When the movie Hanna starring Saoirse Ronan debuted in theaters back in 2011, my wife and I took in the flick on its opening weekend. Only a few weeks earlier, we had learned that our first child was going to be a girl. Only 10 minutes into the movie after seeing the impressive Ronan display tracking skills, hunting pedigree and adaptive hand-to-hand combat, I had declared, with some conviction, that I would be emulating Eric Bana’s character and taking our yet to be named daughter out to woods for superior survival training. Never mind that I had none of those skills myself to teach. The movie is built like a fairy-tale, an hyperbolic story of the specimen who would be a girl, but at the heart of it was the undeniable fact that Hanna was a badass. And how could you not root for the sixteen year old girl who can put grown men on their back? While the structure of the young girl that can display a physical prowess is a Hollywood trope like any other, for me, it’s still a welcome one.
There is a problematic consequence of the admiration we have for characters like Hanna. By design, Hanna is a killing machine at the detriment of her possessing a complete emotional spectrum. Her naivety or just out right ignorance to the industrialized world subverts her emotional attachment to most things. In this notion, her being a little girl is more an aesthetic spectacle than it is a function within the story. Her interactions are mostly robotic (though, they become less so through the progression of the story) and it becomes easier to root for her because she is so “mission driven.” So the basic question is, do we enjoy Hanna more because of our love for action or because she has been stripped of many traits that we recognize in a young girl?
I make no apologies for Arya Stark being my favorite character on Game of Thrones. I’m also aware that she has little to no interest in being a princess, fancies a sword over dolls and once posed as a boy for a full season of the show. Everybody gets the “gotdamn” face when Arya looks and acts like a stone cold killer, but nobody ever suggested that the showrunners show more of a connection between her and Gendry during their adventures before, during and after Harrenhal. We react much differently to characters who show the brute physicality or blank stare demeanor of our tried and true (read: male) action heroes. Sansa Stark, who is the exact opposite of Arya, could not be met with more resistance. The “stupid, stupid little girl” from the North seems to be universally slandered at every turn. Sansa’s faults are well documented. She has sacrificed much for herself and others because of the fantasy she wanted to lead. And then she…, well, actually, has Sansa really done anything dumb since the first season? You know, when she was a 14 year old girl who had been thrust into the royal court when she had never even left her very insulated stronghold in the North before that? The following seasons have been her not doing much but TRYING NOT TO DIE (oh yeah, she slapped Robin when he was throwing a tantrum and therefore fulfilled the wish of every person either watching the show or in the fiction itself). The seduction of Cersei (who has manipulated far more seasoned characters than Sansa) has probably been paid for three times over considering how much of a monster Joffrey was.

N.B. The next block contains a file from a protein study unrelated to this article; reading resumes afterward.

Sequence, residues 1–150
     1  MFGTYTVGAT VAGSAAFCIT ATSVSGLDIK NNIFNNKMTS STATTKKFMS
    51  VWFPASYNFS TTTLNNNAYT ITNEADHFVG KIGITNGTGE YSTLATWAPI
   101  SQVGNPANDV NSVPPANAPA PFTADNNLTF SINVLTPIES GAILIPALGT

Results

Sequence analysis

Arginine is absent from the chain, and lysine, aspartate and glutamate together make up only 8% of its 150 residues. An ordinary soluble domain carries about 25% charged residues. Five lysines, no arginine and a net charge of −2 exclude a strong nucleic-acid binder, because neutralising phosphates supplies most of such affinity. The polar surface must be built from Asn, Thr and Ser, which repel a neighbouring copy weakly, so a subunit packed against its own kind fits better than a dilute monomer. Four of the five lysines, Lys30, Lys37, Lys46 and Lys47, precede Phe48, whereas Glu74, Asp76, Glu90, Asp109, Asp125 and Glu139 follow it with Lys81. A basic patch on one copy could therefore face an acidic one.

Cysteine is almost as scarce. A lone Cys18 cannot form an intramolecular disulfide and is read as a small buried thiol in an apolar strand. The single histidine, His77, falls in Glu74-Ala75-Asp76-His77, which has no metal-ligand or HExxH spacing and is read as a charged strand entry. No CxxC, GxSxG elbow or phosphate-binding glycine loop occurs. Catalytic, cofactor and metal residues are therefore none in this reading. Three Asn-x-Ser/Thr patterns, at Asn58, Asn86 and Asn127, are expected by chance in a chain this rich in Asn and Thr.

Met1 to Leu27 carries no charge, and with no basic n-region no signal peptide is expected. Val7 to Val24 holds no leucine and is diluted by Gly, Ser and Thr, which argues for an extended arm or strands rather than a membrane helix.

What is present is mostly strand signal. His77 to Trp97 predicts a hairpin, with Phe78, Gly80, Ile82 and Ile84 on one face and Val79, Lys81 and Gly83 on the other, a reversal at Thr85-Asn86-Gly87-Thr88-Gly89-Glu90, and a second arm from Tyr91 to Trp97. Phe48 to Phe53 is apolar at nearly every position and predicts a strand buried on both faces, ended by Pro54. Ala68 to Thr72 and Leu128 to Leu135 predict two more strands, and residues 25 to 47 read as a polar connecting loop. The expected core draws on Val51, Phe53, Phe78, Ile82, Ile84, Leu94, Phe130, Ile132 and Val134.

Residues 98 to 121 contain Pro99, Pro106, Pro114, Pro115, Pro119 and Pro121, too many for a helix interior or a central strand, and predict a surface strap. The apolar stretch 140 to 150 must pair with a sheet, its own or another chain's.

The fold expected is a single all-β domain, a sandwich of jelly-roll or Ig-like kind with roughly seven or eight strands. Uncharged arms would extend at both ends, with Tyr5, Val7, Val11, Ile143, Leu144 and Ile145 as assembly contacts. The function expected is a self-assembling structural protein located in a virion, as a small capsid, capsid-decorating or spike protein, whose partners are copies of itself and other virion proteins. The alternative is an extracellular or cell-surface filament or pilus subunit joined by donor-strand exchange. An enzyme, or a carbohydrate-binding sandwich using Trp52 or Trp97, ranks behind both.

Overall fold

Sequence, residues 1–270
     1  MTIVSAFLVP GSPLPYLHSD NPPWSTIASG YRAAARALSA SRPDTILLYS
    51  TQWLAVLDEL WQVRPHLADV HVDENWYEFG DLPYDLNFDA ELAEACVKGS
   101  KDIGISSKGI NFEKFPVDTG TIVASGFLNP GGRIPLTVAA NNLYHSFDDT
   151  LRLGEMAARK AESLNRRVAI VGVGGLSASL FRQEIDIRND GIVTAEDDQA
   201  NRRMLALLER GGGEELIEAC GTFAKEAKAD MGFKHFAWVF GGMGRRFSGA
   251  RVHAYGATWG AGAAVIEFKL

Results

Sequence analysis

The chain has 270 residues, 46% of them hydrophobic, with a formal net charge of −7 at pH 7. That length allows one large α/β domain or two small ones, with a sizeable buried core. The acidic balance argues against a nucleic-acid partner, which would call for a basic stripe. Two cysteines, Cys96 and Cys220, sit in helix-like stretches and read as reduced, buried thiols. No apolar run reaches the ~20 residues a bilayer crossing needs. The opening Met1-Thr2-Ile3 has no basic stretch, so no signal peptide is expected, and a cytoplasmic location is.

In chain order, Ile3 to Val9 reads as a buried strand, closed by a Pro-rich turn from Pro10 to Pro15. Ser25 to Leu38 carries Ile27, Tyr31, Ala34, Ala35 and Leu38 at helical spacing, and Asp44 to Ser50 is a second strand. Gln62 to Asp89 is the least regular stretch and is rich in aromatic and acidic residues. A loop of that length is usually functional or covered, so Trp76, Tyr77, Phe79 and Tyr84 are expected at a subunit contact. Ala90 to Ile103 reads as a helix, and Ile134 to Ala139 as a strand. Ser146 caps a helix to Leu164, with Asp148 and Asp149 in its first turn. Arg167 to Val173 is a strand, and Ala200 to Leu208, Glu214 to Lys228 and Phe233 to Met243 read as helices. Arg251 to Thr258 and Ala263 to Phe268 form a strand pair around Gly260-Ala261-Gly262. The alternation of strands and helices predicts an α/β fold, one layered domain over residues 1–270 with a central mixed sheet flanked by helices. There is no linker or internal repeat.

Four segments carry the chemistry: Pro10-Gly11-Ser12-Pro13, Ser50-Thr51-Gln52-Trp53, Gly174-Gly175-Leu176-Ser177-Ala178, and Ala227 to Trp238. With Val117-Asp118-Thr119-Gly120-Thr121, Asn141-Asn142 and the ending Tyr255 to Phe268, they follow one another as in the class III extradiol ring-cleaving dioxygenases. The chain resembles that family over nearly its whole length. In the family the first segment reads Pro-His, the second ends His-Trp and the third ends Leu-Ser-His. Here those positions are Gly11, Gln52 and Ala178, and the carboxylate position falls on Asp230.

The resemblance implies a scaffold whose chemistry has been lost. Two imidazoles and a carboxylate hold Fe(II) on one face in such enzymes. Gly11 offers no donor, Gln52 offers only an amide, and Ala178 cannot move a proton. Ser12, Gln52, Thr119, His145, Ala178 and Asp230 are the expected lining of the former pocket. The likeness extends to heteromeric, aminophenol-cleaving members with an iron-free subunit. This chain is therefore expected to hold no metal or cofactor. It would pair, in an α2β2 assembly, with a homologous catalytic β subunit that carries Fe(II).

And yet, halfway through season four, people are wondering how and why Sansa is still alive. What those people might be blinded by is that Sansa’s path is basically her becoming the next Cersei: a life of privilege and opportunity that becomes bastardized, turned on its head, and makes her more cunning and ruthless as an adult. If we can fall for the flawed yet fascinatingly brutal way that Cersei navigates her world as an end result, why do we slander Sansa as the “in-progress” model of that? Rob Stark got screwed, he was betrayed, the fall of prince charming and all of that. Rob also catered his own funeral and showed up early for the wake. He slapped a powerful House in the face on multiple levels and lost the loyalty of some of his banner men basically over an emotional decision. But with the internet, Rob gets the caveat of “being honorable just like his father” or “he did what he did for love.” Not that he handled the situation like an idiot. Funny how that works. When emotions are involved for male characters, its humanizing them. When they are involved for female characters, its an annoyance and a flaw.